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Banking changes ‘largely cosmetic,’ say MPs

Banking changes ‘largely cosmetic,’ say MPs

Category: Economy

Updated: 31/07/2009
First Published: 31/07/2009

This article was correct at the time of publication. It is now over 6 months old so the content may be out of date.

A group of MPs has released its final report following its evidence sessions on the banking crisis, labelling changes made to the system as 'largely cosmetic.'

The Treasury Committee also said the reforms made to the tripartite system announced in the Government's recent White Paper will make little difference in themselves.

Earlier this month, Chancellor Alastair Darling outlined plans to offer consumers more protection and stop a repeat of the banking crisis.

However, there remains a lack of clarity over who is responsible for systemic oversight, says the report, and who has overall control during a crisis, while responsibility for strategic judgements and executive action was, and remains, unclear.

While the group of MPs stopped short of recommending any immediate changes to the system, it did acknowledge that, in time, action will have to be taken. "When that decision is made," it said, "responsibilities need to made crystal clear, and aligned with powers."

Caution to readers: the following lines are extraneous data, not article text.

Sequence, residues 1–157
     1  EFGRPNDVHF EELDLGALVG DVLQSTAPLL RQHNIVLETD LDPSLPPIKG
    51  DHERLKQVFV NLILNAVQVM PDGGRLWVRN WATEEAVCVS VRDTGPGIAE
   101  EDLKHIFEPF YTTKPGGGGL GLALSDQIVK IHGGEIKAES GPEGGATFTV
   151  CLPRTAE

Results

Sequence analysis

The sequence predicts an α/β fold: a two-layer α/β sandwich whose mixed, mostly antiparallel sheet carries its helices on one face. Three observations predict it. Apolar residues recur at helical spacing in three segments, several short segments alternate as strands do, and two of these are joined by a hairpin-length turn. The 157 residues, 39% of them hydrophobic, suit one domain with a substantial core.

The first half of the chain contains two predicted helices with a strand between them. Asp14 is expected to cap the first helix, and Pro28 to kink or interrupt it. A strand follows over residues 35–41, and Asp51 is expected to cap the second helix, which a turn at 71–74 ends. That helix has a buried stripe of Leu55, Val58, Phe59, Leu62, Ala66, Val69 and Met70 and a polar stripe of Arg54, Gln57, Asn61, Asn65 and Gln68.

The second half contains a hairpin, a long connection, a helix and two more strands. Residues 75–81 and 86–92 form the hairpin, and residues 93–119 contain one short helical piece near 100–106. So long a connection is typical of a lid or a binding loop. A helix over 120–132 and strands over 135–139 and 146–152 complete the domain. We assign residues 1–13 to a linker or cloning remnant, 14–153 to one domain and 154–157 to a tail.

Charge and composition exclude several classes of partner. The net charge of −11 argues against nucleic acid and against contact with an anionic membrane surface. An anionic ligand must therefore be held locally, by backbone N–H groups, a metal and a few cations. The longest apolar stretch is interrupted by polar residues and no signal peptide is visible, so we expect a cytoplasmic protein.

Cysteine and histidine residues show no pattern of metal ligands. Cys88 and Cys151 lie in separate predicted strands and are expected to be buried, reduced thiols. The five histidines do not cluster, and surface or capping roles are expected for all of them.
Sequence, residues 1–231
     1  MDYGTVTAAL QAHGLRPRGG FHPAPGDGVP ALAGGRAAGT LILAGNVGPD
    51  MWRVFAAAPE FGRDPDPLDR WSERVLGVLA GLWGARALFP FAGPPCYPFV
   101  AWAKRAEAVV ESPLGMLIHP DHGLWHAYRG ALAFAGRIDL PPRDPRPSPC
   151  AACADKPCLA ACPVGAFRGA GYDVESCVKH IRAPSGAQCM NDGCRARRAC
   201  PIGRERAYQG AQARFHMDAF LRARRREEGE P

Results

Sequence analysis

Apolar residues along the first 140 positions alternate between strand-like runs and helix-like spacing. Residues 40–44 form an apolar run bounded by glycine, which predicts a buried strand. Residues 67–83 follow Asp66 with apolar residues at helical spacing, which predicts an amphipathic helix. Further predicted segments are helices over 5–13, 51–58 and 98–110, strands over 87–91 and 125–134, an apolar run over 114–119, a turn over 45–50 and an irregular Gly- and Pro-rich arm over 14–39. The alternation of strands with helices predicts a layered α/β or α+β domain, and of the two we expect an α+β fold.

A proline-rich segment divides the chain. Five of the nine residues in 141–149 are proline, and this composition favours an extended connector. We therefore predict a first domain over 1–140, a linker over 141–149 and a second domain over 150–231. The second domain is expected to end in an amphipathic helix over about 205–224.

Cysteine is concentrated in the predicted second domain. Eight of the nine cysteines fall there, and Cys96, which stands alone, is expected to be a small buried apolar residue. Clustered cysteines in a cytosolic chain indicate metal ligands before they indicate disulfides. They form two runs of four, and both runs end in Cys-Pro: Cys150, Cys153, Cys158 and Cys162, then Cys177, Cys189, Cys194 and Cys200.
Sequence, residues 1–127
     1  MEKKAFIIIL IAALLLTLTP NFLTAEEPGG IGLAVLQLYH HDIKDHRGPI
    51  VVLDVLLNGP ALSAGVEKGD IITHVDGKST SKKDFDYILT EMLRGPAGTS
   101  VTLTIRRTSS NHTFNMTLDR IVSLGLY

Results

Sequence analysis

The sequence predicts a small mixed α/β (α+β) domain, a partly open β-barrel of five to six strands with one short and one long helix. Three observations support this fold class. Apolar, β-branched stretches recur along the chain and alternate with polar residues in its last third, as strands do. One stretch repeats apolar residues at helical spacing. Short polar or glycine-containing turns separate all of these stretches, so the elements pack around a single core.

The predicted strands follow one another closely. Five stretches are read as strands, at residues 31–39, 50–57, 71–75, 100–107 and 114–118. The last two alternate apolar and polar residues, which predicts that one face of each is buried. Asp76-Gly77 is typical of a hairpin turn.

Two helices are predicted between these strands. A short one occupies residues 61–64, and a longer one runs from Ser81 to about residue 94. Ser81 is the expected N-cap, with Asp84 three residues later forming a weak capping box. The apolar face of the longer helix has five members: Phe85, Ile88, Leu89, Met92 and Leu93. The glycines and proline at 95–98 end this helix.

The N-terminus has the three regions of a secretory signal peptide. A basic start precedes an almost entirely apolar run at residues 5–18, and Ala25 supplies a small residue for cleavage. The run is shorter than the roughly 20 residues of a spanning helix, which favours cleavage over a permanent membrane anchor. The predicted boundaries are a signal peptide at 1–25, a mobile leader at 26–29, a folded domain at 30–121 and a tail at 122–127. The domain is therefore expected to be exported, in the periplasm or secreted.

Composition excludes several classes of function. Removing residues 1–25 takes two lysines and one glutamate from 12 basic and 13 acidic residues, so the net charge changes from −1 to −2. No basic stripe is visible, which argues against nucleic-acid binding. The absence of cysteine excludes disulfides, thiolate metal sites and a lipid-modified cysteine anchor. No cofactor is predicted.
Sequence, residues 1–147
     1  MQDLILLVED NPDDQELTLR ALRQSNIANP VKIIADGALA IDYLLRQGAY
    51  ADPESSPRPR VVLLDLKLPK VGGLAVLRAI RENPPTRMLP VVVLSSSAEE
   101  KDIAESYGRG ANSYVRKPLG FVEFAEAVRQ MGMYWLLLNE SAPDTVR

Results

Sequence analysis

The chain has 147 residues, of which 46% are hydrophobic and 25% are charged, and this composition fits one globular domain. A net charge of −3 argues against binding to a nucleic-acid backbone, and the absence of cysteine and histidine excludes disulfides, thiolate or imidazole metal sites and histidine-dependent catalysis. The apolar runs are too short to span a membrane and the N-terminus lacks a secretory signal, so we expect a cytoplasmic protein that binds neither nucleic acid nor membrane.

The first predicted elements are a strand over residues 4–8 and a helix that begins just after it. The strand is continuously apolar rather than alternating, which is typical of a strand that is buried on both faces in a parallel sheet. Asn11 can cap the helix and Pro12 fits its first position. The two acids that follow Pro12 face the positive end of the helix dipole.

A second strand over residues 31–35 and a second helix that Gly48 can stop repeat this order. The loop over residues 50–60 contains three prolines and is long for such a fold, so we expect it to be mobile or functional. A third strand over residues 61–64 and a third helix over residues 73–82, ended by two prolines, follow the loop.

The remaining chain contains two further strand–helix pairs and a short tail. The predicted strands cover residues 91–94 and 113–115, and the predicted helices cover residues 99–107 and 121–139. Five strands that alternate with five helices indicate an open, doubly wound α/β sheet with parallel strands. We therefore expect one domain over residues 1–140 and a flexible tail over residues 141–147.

Chairman of the Committee, John McFall, said "The tripartite structure of regulation is in a state of flux at the moment: change and coordination are clearly needed to clarify responsibilities, but the picture is constantly moving."

The Financial Services Authority (FSA) was also slammed for its role in the crisis, with Mr. McFall, commenting: "By any measure, the FSA has failed spectacularly in its supervision of the banking sector, but it has acknowledged this and already begun to rectify its mistakes."

The report also called for the Government to ensure that banks are not allowed to become so large that they cannot be allowed to fail. "Some banks have been able to take advantage of this implicit guarantee to make risky bets," said Mr. McFall. "This has to stop."

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